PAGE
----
Arceuthobium campylopodum subsp. californicum

(Hawksworth & Wiens) Nickrent

Phytoneuron 2012-51: 10. 2012

Common names: Sugar pine dwarf mistletoe
Basionyms: Arceuthobium californicum Hawksworth & Wiens
Treatment appears in FNA Volume 12. Treatment on page 431. Mentioned on page 429.
Plants forming witches' brooms. Stems bright yellow or green, 6–8(–14) cm; third internode 6–10.5(–16) × 1–1.5(–2) mm, dominant shoot 1.5–4 mm diam. at base. Staminate flowers 3.3 mm diam.; petals 3–4. Fruits 4 × 2.5 mm.

Phenology: Flowering Jul–Aug; fruiting Sep–Oct.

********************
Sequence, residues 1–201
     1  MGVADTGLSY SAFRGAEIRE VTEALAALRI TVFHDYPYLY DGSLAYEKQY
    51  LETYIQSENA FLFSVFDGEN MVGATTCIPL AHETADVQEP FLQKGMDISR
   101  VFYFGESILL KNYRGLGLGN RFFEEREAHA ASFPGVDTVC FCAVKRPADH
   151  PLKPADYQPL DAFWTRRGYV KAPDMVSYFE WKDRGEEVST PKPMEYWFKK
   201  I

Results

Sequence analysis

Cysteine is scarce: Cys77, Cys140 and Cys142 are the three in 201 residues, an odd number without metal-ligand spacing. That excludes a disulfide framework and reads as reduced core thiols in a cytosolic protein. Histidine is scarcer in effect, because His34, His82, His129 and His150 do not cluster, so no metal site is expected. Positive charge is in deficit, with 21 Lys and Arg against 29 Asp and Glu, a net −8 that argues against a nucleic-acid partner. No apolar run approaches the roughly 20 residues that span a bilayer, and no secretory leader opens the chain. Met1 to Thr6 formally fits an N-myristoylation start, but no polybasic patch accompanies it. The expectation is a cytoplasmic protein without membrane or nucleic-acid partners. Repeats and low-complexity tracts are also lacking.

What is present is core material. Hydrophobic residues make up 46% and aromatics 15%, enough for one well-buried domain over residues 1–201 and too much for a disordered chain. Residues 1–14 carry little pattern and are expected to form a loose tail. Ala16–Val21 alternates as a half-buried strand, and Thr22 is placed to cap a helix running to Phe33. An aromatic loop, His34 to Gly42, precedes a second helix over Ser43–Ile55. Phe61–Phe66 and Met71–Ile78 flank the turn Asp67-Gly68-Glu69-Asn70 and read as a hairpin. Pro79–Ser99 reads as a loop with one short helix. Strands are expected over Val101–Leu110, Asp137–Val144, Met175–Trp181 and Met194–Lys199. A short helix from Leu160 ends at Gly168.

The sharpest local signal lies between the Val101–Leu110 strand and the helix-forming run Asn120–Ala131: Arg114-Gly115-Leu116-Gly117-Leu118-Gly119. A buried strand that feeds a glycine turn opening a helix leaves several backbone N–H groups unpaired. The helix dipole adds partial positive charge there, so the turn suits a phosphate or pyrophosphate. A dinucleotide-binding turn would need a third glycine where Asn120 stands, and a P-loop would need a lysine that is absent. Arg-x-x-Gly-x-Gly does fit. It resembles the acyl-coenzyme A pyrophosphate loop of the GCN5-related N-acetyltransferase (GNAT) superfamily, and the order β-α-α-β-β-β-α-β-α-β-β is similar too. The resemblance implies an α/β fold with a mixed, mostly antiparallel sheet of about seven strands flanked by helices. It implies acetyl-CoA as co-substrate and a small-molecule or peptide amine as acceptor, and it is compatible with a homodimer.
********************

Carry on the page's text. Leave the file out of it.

Habitat: Coniferous forests with sugar pine or western white pine.
Elevation: 600–2000 m.


Meiosis occurs in July, with fruits maturing 13–14 months after pollination.

As the common name implies, subsp. californicum is parasitic primarily on Pinus lambertiana, secondarily on P. monticola. It is found from the Peninsular Ranges of San Diego County through the Sierra Nevada to the Cascade Range of Siskiyou County, as well as some locations in the Klamath Mountains. In some locations it is sympatric with subsp. campylopodum, and rarely both taxa can be found on the same host. It induces large witches' brooms on sugar pine and is considered a serious pathogen of that species.



Lower Taxa

No lower taxa listed.